PICTURED: Social Tap’s Taco Bar, clockwise from top left: Short rib barbacoa, guacamole, salsa, shredded cheese, rice, beans and flour tortillas. (Photo by N. Lackey Shaffer)

by Nancy D. Lackey Shaffer

Social Tap
1105 S. Seaward Ave., Ventura

One drawback to being safe at home is being tired of your own cooking. I am therefore grateful that takeout continues to be available, and I am especially appreciative of institutions such as Social Tap, which has created some great meal deals aimed at those wanting to indulge on a budget. 

Social Tap’s limited to-go menu still has a lot to offer. Most of its popular tacos — beef, chicken, fish, pork and veggie — are available, plus burgers, fish and chips, pulled pork sandwiches, BLTs and a few other things. There are even draft beers (Social Tap’s own label), house wine, margaritas and Calidad (a Michelada made with Social Tap’s own Bloody Mary mix added to a Mexican-style lager). 

What’s really been a life saver for me, though, is the Family Meal Deal — a generously sized entree along with enough sides and fixings to feed four people. Tacos, enchiladas, pasta and barbecue are available as supplies warrant. Prices run $35-$45, depending on the meat and preparation. Mexican meals include beans, rice, guacamole and salsa. Barbecue features macaroni, corn, rolls and Brussels sprouts. For pastas, it’s usually salad and bread on the side. When Social Tap says “meal,” it means it.

This past Friday, with the temperatures rising and a long week finally behind me, I decided to start the weekend with a Taco Bar. For $35, I could get one pound of my choice of meat (carnitas or chicken), 12 corn or flour tortillas, shredded cheese, guacamole, salsa, beans and rice. Short rib barbacoa was also available for an extra $5.

We’d been eating a little lower on the food chain for a while, and that beef was sounding pretty good, so I upgraded to the barbacoa. Social Tap uses ChowNow for online orders, which worked fairly seamlessly. I was able to order, pay and add a tip through my home computer, and select a time for curbside pickup.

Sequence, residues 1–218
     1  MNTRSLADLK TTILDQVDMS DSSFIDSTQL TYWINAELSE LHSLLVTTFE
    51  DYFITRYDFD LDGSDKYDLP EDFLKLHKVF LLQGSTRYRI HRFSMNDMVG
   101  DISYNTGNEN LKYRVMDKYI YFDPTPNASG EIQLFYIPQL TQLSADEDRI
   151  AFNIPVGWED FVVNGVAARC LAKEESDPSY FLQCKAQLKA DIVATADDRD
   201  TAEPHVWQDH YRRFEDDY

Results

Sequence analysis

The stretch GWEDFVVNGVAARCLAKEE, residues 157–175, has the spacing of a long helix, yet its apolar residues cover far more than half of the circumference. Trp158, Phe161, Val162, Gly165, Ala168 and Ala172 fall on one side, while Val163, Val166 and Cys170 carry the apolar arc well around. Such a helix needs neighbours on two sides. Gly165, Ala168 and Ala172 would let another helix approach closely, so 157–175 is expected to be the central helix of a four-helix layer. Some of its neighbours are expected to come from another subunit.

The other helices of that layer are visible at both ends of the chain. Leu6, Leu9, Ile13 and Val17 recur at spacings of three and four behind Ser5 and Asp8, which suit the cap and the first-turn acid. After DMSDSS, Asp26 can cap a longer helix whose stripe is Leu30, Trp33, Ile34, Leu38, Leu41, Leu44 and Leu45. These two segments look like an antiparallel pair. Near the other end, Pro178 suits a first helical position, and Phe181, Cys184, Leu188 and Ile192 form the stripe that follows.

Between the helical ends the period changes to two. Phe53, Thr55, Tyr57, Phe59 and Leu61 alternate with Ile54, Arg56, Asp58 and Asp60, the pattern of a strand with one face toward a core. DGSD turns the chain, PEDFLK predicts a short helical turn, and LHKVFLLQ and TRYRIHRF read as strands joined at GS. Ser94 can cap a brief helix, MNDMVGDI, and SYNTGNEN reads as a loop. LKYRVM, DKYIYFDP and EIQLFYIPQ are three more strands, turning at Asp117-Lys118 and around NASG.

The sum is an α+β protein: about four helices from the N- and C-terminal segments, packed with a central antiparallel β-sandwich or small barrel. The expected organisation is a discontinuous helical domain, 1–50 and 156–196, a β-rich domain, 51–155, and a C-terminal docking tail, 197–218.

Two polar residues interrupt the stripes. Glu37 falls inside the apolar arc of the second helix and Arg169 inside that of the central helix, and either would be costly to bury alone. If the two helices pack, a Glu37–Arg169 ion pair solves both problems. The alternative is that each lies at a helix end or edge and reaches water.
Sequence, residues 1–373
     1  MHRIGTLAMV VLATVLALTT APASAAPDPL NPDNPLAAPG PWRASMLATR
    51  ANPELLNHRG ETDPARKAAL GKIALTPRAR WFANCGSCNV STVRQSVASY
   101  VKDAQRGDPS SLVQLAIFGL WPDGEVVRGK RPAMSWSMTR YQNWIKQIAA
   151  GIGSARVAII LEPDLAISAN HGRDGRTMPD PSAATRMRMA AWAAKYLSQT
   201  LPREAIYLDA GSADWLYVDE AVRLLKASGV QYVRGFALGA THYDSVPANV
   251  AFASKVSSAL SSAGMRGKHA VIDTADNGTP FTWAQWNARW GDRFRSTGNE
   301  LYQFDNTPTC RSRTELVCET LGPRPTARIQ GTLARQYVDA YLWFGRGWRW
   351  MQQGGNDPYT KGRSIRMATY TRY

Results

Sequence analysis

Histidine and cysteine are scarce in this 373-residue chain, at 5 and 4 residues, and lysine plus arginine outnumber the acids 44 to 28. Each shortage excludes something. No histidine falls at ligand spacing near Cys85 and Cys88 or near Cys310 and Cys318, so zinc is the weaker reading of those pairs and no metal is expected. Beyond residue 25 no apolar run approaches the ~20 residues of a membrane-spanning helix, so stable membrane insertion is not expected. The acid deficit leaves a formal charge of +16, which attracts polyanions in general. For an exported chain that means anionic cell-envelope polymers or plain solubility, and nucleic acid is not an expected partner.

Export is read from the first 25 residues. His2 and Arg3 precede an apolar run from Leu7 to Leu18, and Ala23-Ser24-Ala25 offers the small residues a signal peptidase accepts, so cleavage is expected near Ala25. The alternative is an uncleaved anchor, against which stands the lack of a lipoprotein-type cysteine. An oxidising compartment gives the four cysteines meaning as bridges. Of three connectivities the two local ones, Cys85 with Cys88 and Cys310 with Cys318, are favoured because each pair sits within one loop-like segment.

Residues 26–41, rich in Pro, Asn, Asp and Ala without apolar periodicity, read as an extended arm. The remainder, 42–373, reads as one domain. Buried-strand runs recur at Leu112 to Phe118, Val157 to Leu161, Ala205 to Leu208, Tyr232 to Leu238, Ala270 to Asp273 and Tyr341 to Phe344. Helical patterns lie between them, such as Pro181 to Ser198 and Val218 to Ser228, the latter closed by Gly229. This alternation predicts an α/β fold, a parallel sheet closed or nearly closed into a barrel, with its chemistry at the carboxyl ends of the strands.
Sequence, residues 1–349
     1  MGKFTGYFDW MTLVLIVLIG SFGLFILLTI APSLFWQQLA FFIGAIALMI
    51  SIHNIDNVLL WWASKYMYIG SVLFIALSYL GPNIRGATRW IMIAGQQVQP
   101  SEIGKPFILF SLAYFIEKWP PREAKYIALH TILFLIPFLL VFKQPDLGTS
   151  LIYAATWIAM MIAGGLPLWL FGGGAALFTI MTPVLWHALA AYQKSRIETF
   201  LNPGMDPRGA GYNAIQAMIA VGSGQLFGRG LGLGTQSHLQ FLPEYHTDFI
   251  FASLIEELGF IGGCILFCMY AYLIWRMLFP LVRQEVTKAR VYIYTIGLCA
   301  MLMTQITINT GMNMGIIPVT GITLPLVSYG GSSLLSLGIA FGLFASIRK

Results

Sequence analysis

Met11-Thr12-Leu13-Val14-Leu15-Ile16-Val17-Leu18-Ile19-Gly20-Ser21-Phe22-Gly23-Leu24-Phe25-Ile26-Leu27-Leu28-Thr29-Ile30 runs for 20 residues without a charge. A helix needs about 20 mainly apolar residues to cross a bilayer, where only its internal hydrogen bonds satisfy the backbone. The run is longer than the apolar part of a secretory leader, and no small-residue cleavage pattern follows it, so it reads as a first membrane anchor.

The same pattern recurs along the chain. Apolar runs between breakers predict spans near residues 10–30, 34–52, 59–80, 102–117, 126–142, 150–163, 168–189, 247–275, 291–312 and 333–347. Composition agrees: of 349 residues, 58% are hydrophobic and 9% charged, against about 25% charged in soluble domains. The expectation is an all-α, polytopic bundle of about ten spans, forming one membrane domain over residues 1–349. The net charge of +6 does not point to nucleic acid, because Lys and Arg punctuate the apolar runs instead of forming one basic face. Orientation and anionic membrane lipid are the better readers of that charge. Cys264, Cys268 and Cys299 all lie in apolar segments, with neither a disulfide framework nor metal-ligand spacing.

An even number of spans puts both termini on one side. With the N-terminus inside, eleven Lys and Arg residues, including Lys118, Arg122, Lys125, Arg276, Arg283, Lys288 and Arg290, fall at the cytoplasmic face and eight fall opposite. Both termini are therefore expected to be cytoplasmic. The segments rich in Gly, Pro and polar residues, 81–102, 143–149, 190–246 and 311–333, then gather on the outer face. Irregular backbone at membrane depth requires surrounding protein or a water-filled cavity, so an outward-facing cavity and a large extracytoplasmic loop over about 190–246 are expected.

When it was time for dinner, I drove out and gave the restaurant a call from my car. A server came out shortly thereafter, with a plastic bag containing my order in her gloved hands. I popped the trunk, she put it in, and I was on my way. 

Once home, I brought my bag of food into the house, washed my hands (20+ seconds with soap and water) and carefully poured all the food into my own clean bowls, discarding the packaging into the recycling bin. I then washed my hands again before serving and eating. *

We were all happy to dig into this very appealing feast. The barbacoa was quite moist, with shredded beef swimming in its flavorful juices. It was on the rich, salty and spicy side; delicious but perhaps a bit too assertive for the more sensitive palate. The savory rice and whole pinto beans were also good, and more delicately seasoned — a wise choice in light of the tongue-tingling barbacoa.

Putting all three together in a tortilla with salsa, cheese and fresh, chunky guacamole made for a satisfying taco indeed — and a quite filling one at that. There was more than enough to feed four hungry people that night, and we had leftovers for a couple of great breakfast bowls (adding fried eggs) the next morning. I definitely felt that my $40 had gone pretty far.

I’d gladly look to Social Tap for an easy, tasty dinner the next time I’m too spent to cook. Those meal deals really are a good value, with tasty food and plenty of it for a price that won’t break the bank. With Mother’s Day on Sunday, perhaps you’ll want to tap into what Social Tap has to offer this weekend. 

* A few words on the safety of food takeout and delivery. The Centers for Disease Control and Prevention advises that the coronavirus is spread mainly from person-to-person contact. According to the U.S. Food and Drug Administration, there has so far been no evidence of coronavirus transmission via human or animal food or food packaging. The general guidelines: Transfer food from takeout containers to a plate, wash your hands, and disinfect the surface upon which your takeout/delivery bags and containers were placed. Following these protocols, I feel confident that I do not unduly expose myself or my family to the coronavirus when I order food to go — but every individual should of course follow the guidelines of their health practitioner and their own best judgment.